Saturday, September 24, 2011

New York City In A Bottle!

OK, I love NYC. Bernice and I have had amazing vacations in the "Big Apple" over the last thirty years. Again, we love it. But, $8.00 for a $1.50 bottle of water? Each time I come to NYC it just amazes me how they price things - and they (and I) pay it at will because it is NYC!

If you ever need a boost to get your confidence up to raise your prices in your catering, just make a visit here the day before you are going to make your decision on how much to raise your prices.We're having fun but I just wanted you to see the $8.00 bottle of water in our $400.00 per night hotel room. I wish you could have seen my $26 hamburger at lunch today. Bernice enjoyed her $7.50 cup of tea. We do love NYC and will be back soon!

Friday, September 23, 2011

Ways To Get The Shopper To Buy Today!

Here are some concepts that salespeople can use during a sales presentation to create excitement about the advantages that the shopper might lose if they don’t act quickly (today!) to book their event.

1. Price. Price is the most powerful and critical tool to create concern for lost value by a shopper, when thinking about postponing their decision to buy. It is easy to do if you start creating seasonal pricing i.e spring prices, summer prices, fall prices and winter prices. When a buyer is speaking about an event that will happen in the “summer” of the next year, the salesperson can offer, as an incentive, the current “fall” prices, which are lower if they make a quick decision. Purchase now.

2. Date. This is especially strong with celebrations like weddings, showers, birthdays, etc. An advantage is gained by the salesperson when they point out that the day the client has selected is a popular one ... and that most caterers will be getting booked very quickly. Purchase now.

3. Prime space. Banquet facilities use this to create urgency and excitement by offering a special room, on a “first reserved basis”. If they wait, they might lose this great room! Purchase now.

4. Discount. One needs to be very careful with this one. Some caterers call it an “early bird” discount. It is offered for those who make a quick decision so they can close off a date. It is explained that all caterers like to get their dates filled as early as possible, so they give better prices for those who buy early. If you wait, you usually pay a premium price for the catering. Decide now and purchase now.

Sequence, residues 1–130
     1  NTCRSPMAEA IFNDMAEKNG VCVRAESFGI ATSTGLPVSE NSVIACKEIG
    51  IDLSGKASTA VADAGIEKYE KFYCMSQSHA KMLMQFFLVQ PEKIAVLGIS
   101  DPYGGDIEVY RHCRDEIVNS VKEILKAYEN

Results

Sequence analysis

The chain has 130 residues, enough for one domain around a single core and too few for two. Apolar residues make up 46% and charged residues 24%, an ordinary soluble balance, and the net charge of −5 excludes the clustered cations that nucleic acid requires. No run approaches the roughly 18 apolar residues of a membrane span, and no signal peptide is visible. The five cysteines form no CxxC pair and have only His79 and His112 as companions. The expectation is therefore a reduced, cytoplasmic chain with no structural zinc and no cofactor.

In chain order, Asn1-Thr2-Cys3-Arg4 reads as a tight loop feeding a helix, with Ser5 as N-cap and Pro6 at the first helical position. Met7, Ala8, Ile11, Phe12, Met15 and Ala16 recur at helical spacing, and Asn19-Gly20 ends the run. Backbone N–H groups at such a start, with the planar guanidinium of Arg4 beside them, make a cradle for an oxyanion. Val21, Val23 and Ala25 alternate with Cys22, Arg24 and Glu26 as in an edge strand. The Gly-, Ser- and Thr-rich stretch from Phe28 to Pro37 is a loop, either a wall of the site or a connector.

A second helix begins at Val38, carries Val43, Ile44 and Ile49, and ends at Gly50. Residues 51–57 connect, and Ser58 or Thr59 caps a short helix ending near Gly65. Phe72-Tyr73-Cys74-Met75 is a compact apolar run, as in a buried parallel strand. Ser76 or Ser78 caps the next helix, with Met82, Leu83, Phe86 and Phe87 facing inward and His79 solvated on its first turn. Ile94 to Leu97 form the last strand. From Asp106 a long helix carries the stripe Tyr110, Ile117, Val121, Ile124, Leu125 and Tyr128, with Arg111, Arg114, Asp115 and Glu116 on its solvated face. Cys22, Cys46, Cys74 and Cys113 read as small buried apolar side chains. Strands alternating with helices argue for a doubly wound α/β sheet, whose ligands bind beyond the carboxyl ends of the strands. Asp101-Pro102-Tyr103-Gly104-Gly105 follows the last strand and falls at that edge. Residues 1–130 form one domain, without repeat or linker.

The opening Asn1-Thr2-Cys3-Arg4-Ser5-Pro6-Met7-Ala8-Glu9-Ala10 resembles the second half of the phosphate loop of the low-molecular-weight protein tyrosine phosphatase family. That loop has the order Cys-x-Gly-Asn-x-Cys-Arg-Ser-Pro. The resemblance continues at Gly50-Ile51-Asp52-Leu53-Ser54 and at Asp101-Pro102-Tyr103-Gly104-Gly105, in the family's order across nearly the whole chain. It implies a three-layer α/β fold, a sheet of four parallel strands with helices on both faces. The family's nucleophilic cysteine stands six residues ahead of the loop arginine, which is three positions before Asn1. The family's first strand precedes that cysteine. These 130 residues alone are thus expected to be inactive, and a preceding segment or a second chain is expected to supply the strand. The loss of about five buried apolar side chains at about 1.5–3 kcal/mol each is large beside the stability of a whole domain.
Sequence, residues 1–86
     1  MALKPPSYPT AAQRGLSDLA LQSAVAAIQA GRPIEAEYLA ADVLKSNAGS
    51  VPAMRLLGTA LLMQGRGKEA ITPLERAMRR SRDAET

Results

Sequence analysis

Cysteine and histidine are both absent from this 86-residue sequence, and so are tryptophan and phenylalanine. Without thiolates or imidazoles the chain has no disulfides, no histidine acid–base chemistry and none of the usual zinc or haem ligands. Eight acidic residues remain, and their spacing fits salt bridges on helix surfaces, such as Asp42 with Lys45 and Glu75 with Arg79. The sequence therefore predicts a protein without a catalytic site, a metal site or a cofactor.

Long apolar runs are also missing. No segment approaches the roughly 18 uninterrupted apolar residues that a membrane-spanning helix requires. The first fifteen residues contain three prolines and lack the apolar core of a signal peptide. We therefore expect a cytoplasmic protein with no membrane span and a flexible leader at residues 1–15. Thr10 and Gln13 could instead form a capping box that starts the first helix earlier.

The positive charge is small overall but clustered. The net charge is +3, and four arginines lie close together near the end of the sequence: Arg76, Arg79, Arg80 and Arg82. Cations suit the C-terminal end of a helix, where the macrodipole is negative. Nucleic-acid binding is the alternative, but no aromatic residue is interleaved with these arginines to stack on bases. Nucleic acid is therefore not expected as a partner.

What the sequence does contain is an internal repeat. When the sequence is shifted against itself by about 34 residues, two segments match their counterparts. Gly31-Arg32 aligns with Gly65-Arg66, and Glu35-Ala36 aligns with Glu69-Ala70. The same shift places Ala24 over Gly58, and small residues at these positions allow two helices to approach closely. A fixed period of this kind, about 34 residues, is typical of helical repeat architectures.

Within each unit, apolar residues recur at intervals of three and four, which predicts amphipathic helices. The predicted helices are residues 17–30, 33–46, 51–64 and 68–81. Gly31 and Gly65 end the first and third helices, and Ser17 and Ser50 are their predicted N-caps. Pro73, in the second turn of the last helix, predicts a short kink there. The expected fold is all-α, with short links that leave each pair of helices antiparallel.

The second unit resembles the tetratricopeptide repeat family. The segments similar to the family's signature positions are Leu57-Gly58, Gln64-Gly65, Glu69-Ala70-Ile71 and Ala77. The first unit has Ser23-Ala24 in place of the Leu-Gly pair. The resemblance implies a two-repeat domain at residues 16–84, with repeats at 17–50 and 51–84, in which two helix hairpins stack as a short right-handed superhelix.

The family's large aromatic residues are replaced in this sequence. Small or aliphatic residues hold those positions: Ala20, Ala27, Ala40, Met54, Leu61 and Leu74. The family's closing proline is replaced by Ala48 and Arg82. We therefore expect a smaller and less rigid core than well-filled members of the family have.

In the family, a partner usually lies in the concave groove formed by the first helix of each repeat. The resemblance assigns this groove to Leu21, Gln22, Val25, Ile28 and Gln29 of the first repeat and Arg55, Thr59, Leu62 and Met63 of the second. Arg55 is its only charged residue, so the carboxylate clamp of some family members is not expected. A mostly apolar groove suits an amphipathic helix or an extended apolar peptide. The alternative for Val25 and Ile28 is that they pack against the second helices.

5. Special staff. In this scenario the caterer explains that by booking quickly, the party can be staffed with their greatest staff. If they wait, they will get just great staff! Purchase now.

6. Menu. Often caterers offer additional menu items for early booking. The shopper is told that if they come on board now, they can get two more appetizers and a special presentation of their dessert.

7. Equipment. Caterers explain to the shoppers that during peak seasons the best tents, chairs, glassware, etc. are rented early, so waiting too long can have an effect on the appearance of the event.

If these seem negative to you, remember that they are all out of context. Also, one would probably not use them all with any one client. The point is that the salesperson needs to emphasize reasons for the shoppers to make a positive decision quickly. The only way to break the promise of “not buying today” is to explain that there are wonderful reasons for buying now to gain super advantages.

Thursday, September 22, 2011

The Handout From My Speech At NACE Baltimore

On Monday I flew to Baltimore to give a speech to the NACE Chapter in Baltimore. It was great to meet some of my longtime friends. Here is the handout that each person received:
A $ymphony Of Sales Secrets Revealed

A. Some First Thoughts On Making Sales
Sales success and growth results from your inbound marketing tactics, the user-friendliness of your people and systems plus the shopper’s overall “first impression”. Shoppers can get your products and services from lots of different (and less expensive) vendors. The goal is to impress the shopper so they quickly realize that while they can get what they are looking for from many other vendors, you seem to demonstrate a unique professionalism and concern that will increase their success.

B. Inbound Marketing
Inbound marketing deals with your procedures for receiving and handling a shopper’s info requests from phone calls, emails, internet requests, or from walk-ins. My view is that the shopper’s first contact with your company is simply what makes or breaks the sale. Let’s think about what goes through the shopper’s mind before, during and after the first contact.
1. Shoppers call many vendors to shop… that’s what shopping means!
2. They learn and adapt as they contact different vendors.
3. They soon discover the “sameness” of each vendor and learn their weaknesses.
4. They feel “interrogated” by vendors from endless and “sameness” questions.
5. They’re told to wait to get their questions answered.
6. A bell goes off in shopper’s minds when they finally make contact with a “different-unsame” type of vendor.

C. Incoming Phone Calls
1. No “technology handling” during business hours.
2. The selling begins with the first voice they hear.